Isn’t it the case that no championships were won until Coach Jackson & GM Kupchak built a team Kobe was on that could win? A team with two top quality 7 footers on it? History suggests Jackson did it both with Kobe and without. Kobe is probably the replacable part in the championship run and they were Jackson championships, not Kobe championships.

        Finally, could you see Russell, Jordon, Bird, Magic, West, Dr. J, or even Shaq forcing the trade of a great player on their team? All of those greats made room for great teammates instead of forcing them off the team.

        Kobe is a despicable human being and while fortunate in his team, coach and management circumstances not in their league as a BASKETBALL PLAYER. He might be respectable as a singles tennis player, but he’s on a team.

      • Kurt Helin - Apr 25, 2012 at 12:40 AM

        I will say that the flaw in your logic is that Kobe forced the Shaq trade. Yes, he had the hammer of free agency and did not want to play with Shaq — if the roles had been reversed at that time Shaq would have done the same thing. Kobe did not force the Lakers to trade Shaq, he presented them with a “him or me” choice, the Lakers chose Kobe and moved Shaq. The Lakers made the right call, taking the younger player with the better work ethic.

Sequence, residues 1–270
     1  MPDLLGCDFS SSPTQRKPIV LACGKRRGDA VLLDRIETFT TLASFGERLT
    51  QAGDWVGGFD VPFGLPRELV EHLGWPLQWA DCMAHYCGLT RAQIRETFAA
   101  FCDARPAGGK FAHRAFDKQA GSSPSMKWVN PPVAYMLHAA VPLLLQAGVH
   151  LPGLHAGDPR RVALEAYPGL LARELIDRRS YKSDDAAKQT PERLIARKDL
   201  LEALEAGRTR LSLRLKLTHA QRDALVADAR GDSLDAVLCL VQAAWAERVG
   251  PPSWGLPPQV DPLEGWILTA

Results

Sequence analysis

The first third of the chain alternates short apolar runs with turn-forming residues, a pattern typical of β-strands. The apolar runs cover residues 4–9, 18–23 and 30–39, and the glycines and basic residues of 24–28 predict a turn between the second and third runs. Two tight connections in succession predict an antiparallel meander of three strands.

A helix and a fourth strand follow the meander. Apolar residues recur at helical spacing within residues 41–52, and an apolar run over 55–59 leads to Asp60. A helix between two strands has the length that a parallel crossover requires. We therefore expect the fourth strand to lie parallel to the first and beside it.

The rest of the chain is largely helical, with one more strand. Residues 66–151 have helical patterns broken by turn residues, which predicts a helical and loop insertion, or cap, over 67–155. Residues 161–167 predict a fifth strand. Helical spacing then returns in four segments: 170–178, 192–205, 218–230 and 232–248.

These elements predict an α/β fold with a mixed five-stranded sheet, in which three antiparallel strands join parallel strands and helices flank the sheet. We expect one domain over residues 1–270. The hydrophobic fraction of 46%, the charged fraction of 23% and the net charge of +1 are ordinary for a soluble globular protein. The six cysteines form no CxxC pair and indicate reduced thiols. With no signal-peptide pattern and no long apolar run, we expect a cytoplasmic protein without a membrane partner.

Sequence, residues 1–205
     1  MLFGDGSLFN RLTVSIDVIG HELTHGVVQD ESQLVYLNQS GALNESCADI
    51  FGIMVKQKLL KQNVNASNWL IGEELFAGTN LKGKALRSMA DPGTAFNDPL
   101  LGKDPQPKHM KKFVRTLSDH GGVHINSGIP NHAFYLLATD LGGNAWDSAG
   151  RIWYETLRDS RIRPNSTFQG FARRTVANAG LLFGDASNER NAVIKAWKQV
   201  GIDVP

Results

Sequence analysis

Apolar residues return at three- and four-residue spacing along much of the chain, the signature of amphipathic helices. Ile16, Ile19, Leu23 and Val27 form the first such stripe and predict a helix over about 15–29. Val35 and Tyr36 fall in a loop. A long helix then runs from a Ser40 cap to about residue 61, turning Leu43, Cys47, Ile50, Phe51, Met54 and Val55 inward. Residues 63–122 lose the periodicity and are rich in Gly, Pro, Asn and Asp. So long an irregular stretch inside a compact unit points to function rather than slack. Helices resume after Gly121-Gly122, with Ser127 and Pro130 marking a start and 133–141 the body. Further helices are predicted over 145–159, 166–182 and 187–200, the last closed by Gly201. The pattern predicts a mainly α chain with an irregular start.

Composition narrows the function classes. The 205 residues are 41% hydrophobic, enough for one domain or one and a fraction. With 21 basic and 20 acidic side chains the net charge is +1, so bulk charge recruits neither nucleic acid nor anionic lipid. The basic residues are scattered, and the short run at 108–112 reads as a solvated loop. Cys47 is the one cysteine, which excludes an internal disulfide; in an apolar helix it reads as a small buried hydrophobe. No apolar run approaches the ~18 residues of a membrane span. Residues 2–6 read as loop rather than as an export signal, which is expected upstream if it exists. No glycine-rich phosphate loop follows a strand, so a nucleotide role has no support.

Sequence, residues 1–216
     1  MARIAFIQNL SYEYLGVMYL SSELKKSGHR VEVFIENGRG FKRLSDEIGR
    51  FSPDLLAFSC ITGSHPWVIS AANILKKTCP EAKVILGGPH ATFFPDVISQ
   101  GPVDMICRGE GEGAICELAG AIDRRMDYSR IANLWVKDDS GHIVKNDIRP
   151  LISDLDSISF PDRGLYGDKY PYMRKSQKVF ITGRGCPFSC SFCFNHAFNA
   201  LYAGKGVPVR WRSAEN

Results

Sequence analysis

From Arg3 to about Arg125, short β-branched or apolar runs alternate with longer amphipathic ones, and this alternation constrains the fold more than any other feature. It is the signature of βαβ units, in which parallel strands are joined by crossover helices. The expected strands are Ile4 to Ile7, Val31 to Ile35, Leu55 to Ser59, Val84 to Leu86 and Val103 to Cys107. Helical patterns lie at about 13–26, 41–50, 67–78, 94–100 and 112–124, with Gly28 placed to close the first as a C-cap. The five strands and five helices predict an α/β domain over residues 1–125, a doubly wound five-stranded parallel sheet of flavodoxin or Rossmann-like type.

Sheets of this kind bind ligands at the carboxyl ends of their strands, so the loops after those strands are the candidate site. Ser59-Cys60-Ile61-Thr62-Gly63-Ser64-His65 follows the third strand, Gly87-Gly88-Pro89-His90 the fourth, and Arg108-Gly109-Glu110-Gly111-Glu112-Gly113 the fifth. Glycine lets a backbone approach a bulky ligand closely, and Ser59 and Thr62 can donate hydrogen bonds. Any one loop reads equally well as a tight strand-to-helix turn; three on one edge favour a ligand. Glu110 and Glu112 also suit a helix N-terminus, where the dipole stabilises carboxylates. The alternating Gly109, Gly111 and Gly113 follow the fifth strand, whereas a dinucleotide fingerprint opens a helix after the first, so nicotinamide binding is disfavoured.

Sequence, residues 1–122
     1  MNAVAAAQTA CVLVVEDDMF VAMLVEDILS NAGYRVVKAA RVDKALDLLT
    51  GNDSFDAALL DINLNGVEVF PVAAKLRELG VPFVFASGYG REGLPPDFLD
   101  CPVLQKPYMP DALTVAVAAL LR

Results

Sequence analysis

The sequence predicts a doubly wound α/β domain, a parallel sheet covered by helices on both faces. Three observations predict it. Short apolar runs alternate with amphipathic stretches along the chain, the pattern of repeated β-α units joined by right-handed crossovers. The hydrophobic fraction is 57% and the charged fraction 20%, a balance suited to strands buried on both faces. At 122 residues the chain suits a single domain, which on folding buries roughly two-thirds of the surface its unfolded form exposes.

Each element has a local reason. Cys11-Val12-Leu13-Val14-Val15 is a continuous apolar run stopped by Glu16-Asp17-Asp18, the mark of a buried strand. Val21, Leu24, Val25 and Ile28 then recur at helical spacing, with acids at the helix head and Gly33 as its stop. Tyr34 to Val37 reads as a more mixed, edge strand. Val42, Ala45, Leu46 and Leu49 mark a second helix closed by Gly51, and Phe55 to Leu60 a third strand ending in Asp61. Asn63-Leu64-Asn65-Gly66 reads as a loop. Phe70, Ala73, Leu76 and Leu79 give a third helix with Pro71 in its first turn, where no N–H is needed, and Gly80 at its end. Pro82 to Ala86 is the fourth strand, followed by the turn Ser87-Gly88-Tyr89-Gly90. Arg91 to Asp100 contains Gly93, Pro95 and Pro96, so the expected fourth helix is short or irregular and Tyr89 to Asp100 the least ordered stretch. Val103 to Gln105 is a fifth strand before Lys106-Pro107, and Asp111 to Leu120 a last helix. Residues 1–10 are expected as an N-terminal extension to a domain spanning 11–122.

4. kandh2004 - Mar 2, 2012 at 12:22 PM

    This defiantly confirms 1. That you are a moron and 2. You just really love sucking off Kobe and James

    • berbes - Mar 2, 2012 at 6:26 PM

      whoever would ‘thumbs down’ the comment is either kobe, labron, or kurt…or children who never read kurt’s pablum.

      • okcallday - Mar 7, 2012 at 7:42 PM

        or anyone who knows the difference between “defiantly” and “definitely”

  5. ss3walkman - Mar 2, 2012 at 12:33 PM

    Jordan’s 63 vs Boston was far more impressive than Kobe’s 81. Who was even playing on the Raptors?

    • chitownmatt - Mar 2, 2012 at 12:42 PM

      I highly doubt Mr. Jordan would agree with you as he and the Bulls LOST that game!!!

      • ss3walkman - Mar 2, 2012 at 12:54 PM